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Scottish Ghost Stories (Elliott O'Donnell) online

Scottish Ghost Stories


In this unnerved and pitiable condition I felt that the period was bound to come, sooner or later, when I should have to abandon life and reason together in the most desperate of struggles with--fear.

At length, something moved. An icy chill ran through my frame, and the horror of my anticipations immediately reached its culminating point. The Presence was about to reveal itself.

The gentle rubbing of a soft body on the floor, the crack of a bony joint, breathing, another crack, and then--was it my own excited imagination--or the disturbing influence of the atmosphere--or the uncertain twilight of the chamber that produced before me, in the stygian darkness of the recess, the vacillating and indistinct outline of something luminous, and horrid? I would gladly have risked futurity to have looked elsewhere--I could not. My eyes were fixed--I was compelled to gaze steadily in front of me.

Slowly, very slowly, the thing, whatever it was, took shape. Legs--crooked, misshapen, human legs. A body--tawny and hunched. Arms--long and spidery, with crooked, knotted fingers. A head--large and bestial, and covered with a tangled mass of grey hair that hung around its protruding forehead and pointed ears in ghastly mockery of curls. A face--and herein was the realisation of all my direst expectations--a face--white and staring, piglike in formation, malevolent in expression; a hellish combination of all things foul and animal, and yet withal not without a touch of pathos.

As I stared at it aghast, it reared itself on its haunches after the manner of an ape, and leered piteously at me. Then, shuffling forward, it rolled over, and lay sprawled out like some ungainly turtle--and wallowed, as for warmth, in the cold grey beams of early dawn.

At this juncture the handle of the chamber door turned, some one entered, there was a loud cry--and I awoke--awoke to find the whole tower, walls and rafters, ringing with the most appalling screams I have ever heard,--screams of some thing or of some one--for there was in them a strong element of what was human as well as animal--in the greatest distress.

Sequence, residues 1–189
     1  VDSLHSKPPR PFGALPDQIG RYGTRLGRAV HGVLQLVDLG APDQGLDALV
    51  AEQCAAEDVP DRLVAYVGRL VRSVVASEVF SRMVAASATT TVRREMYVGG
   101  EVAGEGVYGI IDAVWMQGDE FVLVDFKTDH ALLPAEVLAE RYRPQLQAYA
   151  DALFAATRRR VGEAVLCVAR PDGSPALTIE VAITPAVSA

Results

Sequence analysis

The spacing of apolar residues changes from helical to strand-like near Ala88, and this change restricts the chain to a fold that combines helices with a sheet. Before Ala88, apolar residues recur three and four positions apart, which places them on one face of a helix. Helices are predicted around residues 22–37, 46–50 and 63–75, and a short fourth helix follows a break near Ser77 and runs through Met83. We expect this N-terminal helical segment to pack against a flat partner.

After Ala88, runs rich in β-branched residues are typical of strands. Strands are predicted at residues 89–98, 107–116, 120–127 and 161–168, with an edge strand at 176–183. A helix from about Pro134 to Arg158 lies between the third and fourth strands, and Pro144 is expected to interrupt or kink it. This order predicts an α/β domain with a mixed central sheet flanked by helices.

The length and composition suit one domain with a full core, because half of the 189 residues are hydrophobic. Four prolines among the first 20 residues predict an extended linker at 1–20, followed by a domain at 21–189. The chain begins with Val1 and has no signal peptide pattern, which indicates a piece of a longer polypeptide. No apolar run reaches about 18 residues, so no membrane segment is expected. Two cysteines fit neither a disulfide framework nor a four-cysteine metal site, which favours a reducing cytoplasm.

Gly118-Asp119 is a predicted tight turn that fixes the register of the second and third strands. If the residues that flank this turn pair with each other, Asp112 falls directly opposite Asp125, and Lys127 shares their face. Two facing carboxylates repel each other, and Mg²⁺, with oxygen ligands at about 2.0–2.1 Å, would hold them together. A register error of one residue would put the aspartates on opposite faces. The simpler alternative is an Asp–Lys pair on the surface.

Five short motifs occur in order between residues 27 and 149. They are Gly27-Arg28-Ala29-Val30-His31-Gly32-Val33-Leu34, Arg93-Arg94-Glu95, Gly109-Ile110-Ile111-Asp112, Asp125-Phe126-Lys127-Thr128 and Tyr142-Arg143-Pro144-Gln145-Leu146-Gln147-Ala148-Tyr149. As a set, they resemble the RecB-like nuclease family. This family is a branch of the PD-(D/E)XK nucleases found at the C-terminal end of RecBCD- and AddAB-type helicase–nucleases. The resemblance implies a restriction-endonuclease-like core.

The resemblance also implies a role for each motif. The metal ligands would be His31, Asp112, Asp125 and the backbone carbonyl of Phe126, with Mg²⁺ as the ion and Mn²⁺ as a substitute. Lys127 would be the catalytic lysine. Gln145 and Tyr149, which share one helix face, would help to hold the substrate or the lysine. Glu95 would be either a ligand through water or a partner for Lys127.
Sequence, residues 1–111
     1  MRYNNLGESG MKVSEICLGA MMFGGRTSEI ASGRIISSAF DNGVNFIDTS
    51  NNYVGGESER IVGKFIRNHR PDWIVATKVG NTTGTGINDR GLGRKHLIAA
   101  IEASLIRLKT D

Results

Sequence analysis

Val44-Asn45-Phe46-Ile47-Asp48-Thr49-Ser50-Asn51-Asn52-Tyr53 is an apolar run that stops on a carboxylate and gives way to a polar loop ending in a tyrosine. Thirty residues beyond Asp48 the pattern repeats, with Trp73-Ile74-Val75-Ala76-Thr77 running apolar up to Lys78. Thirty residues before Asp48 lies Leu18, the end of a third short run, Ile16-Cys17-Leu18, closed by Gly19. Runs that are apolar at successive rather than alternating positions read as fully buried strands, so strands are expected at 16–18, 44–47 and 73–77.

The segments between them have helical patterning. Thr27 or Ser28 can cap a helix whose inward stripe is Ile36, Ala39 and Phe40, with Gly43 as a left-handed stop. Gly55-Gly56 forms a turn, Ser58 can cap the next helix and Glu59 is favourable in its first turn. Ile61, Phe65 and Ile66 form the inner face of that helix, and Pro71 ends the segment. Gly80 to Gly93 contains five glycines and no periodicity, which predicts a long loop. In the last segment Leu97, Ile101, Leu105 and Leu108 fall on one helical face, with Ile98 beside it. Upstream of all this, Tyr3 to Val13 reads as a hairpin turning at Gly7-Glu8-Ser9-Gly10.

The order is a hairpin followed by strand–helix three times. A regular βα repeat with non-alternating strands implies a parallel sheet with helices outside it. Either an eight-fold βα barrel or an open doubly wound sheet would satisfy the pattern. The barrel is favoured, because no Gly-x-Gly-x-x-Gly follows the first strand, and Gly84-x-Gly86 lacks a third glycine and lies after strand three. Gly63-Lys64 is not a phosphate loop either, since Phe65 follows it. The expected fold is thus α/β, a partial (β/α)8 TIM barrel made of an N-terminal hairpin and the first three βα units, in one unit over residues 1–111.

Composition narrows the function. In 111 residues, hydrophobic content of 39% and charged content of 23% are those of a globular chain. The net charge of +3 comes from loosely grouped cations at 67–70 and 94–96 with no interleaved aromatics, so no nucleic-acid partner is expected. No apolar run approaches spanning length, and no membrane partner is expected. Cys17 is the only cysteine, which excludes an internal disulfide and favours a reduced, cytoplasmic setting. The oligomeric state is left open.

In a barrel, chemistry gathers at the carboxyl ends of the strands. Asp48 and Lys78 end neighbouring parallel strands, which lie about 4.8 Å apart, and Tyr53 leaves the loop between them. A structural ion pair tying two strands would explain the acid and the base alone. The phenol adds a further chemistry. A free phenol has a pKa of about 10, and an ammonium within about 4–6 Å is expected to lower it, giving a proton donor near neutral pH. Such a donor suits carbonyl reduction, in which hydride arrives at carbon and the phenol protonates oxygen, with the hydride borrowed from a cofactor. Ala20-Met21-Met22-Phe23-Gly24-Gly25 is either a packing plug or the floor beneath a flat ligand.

Wondering what it meant, and more than ever terrified, I sat up in bed and listened,--listened whilst a conviction--the result of intuition, suggestion, or what you will, but a conviction all the same--forced me to associate the sounds with the thing in my dream. And I associate them still.

* * * * *

It was, I think, in the same year--in the year that the foregoing account was narrated to me--that I heard another story of the hauntings at Glamis, a story in connection with a lady whom I will call Miss Macginney. I append her experience as nearly as possible as she is stated to have told it.

* * * * *

I seldom talk about my adventure, Miss Maginney announced, because so many people ridicule the superphysical, and laugh at the mere mention of ghosts. I own I did the same myself till I stayed at Glamis; but a week there quite cured me of scepticism, and I came away a confirmed believer.

The incident occurred nearly twenty years ago--shortly after my return from India, where my father was then stationed.

It was years since I had been to Scotland, indeed I had only once crossed the border and that when I was a babe; consequently I was delighted to receive an invitation to spend a few weeks in the land of my birth. I went to Edinburgh first--I was born in Drumsheugh Gardens--and thence to Glamis.